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    Achieving a frictionless customer experience in fintech

    By definition, a truly frictionless customer experience (CX) is unobtainable even though it is the end state every fintech company strives for.
    Source: Supplied. Lelen Udayan, head of customer experience at Mukuru.
    Source: Supplied. Lelen Udayan, head of customer experience at Mukuru.

    Along the way, a focus on providing enhanced experiences that stem from the points of friction identified across the customer journey should be the end goal. In doing so, businesses can improve on the products, processes, and services they deliver.

    According to analysis, this requires fintechs to remove the elements that create unnecessary friction or make it unnecessarily difficult for customers to access products and services. To this end, repositioning focus on creating an effortless experience rather than frictionless CX would be helpful. This is important as it shifts the spotlight from ‘feel good’ moments that have low impact on loyalty or repeat business. Instead, more attention is put on using CX as the means to secure repeat business while reducing operating costs.

    Removing friction

    Modern customers expect fintechs to focus as much on the experience they provide as the products and services being offered. An enhanced experience is important because it shows customers that the fintech acknowledges its failures and is working on improving those areas while also removing the elements that can lead to dissatisfaction.

    For organisations that get it right, success looks like increasing customer satisfaction, retention, and referrals largely due to making sure pain points are seen, heard, and addressed. This is done by tracking the customer journey, measuring satisfaction, and customer effort. Ensuring that customer sentiment and the voice of the customer are prioritised across the business guarantee bonus points.

    Fundamentally, the only way a fintech can remove friction is to ensure its service teams are equipped to assist customers when they do have a problem, query, or complaint.

    Channels of engagement

    For this to happen, the company must embrace all of the channels within its capabilities to invest in an omnichannel CX. A PWC report found that the number of companies doing this has increased by more than 60% in recent years.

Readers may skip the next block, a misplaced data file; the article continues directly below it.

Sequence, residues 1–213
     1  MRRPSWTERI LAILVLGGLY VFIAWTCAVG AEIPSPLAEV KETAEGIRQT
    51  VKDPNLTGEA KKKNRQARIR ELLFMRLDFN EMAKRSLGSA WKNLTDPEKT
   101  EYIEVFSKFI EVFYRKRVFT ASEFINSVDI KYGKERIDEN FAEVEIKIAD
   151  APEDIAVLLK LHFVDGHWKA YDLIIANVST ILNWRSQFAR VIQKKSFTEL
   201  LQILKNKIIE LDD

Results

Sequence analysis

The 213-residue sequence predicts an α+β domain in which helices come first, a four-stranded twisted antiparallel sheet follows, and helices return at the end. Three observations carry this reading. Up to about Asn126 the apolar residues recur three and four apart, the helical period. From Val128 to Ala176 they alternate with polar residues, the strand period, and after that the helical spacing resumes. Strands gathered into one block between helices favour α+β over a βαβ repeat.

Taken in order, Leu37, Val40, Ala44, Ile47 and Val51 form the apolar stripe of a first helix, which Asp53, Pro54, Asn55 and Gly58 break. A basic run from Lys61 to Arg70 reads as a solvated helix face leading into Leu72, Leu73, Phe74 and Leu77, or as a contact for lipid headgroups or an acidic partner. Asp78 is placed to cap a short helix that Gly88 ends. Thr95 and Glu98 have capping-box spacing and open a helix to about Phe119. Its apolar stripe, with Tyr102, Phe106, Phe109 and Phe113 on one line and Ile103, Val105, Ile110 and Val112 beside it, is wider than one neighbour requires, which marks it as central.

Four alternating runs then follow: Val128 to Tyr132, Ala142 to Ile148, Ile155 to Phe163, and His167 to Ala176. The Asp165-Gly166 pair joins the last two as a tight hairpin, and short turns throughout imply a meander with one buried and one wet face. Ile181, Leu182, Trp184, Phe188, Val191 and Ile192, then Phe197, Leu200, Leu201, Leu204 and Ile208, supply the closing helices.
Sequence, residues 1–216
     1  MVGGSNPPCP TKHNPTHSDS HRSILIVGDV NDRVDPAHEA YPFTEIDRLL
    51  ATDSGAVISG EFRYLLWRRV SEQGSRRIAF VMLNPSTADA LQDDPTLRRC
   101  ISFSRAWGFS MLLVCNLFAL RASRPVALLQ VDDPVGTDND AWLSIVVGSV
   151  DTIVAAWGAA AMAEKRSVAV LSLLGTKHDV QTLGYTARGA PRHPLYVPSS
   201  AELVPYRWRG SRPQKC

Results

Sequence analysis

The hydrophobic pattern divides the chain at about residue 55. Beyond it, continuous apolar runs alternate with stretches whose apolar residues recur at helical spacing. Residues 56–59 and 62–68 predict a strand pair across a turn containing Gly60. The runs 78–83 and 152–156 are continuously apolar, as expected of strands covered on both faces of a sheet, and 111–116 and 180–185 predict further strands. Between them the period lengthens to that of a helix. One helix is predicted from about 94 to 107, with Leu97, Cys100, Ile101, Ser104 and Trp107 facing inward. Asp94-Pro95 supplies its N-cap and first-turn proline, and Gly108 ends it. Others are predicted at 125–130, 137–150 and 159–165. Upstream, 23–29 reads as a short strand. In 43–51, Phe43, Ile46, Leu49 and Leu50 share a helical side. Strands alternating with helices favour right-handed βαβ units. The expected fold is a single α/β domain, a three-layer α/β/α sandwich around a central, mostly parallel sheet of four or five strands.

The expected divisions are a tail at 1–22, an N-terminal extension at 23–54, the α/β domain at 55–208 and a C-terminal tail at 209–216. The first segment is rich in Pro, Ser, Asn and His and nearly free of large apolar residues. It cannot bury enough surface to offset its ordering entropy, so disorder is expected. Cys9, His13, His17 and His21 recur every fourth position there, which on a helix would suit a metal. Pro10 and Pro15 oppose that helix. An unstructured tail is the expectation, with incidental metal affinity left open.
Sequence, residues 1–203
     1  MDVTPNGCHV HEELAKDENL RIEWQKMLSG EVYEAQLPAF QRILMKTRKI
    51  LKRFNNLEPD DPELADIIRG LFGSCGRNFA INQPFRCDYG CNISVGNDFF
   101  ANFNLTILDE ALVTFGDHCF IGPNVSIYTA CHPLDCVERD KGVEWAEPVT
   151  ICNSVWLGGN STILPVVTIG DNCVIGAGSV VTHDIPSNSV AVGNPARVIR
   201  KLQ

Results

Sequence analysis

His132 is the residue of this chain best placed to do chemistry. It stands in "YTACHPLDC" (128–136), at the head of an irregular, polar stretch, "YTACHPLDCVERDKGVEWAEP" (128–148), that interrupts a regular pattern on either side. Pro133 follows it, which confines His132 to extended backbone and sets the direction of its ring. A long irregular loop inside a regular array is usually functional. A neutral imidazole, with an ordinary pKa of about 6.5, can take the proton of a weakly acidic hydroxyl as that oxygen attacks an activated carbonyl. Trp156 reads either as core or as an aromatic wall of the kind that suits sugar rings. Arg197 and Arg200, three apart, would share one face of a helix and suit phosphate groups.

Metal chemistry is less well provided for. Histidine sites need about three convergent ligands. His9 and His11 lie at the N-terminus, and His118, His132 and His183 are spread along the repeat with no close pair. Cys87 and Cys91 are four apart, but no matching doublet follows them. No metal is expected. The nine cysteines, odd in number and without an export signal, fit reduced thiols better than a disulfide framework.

Closer to home, the State of CX in South Africa 2022 report writes that 45% of financial-sector respondents identified seamless omni-channel experience on their channel of choice as the main factor influencing customer satisfaction.

    As many as 64% of local fintechs have fully implemented virtual assistants and chatbots or are in the process of doing so as critical enablers of this omnichannel experience. Similarly, 27% of companies in financial services have installed bots on messaging apps like WhatsApp and Facebook Messenger, compared to only 7% average in other sectors.

    The ideal blueprint would be to purpose a fintech to enable greater degrees of financial inclusion for customers on the African continent – still predominantly cash-based – and globally, and to take a tailored approach to customer channels.

    Channels such as USSD and WhatsApp perform well across Africa, whereas a customised app would be a more relevant channel for UK customers, for example. The impact of this strategy with WhatsApp,could massively increase turnover in the numbers of transacting customers per year.

    The golden thread running through a successful omnichannel strategy is how best to meet customer expectations. This requires providing the right fintech employees with the tools, systems and processes to effectively support customers. With these in place, the most common points of friction can be addressed.

    These include things like resolution time and understanding who the customer really is. In the case of the former, the challenges encompass response times and why the first point of contact might not have the answer. When it comes to the latter, it is about knowing who the individual customer is without having them provide different pieces of information at every engagement point.

    Fintechs must therefore be more consistent and remove the frustration of customers repeating the query to every person in the engagement chain or, even worse, having to phone back at a later stage. Furthermore, the value of self-services cannot be ignored as digital-savvy customers might prefer to resolve the common queries they have themselves.

    Through all of this, the fintech must have access to fit-for-purpose tools, competent staff, and efficient processes across product lines and platforms.

    Continuous journey

    One of the biggest mistakes any fintech can make is to assume that creating a frictionless experience is a once-off exercise. As mentioned, becoming frictionless is an end-goal that will never be fully realised. Driving this is setting the business up to learn from its past CX mistakes.

    To do so requires the process of CX improvements to be formalised and rolled out to all applicable areas of the business. Service staff must be empowered to resolve customer pain points. Additionally, there is a growing need to establish effective self-service solutions where customers become less reliant on human touch points.

    Perhaps most crucially, customer success can only be realised by continually monitoring the journey, touchpoints, and the voice of the customer.

    All of this can be distilled into initiating a CX project, implementing it, and then iterating as needed.

    Fintechs should strive to make every customer interaction with the business a positive one.

    About Lelen Udayan

    Lelen Udayan is head of customer experience at Mukuru.
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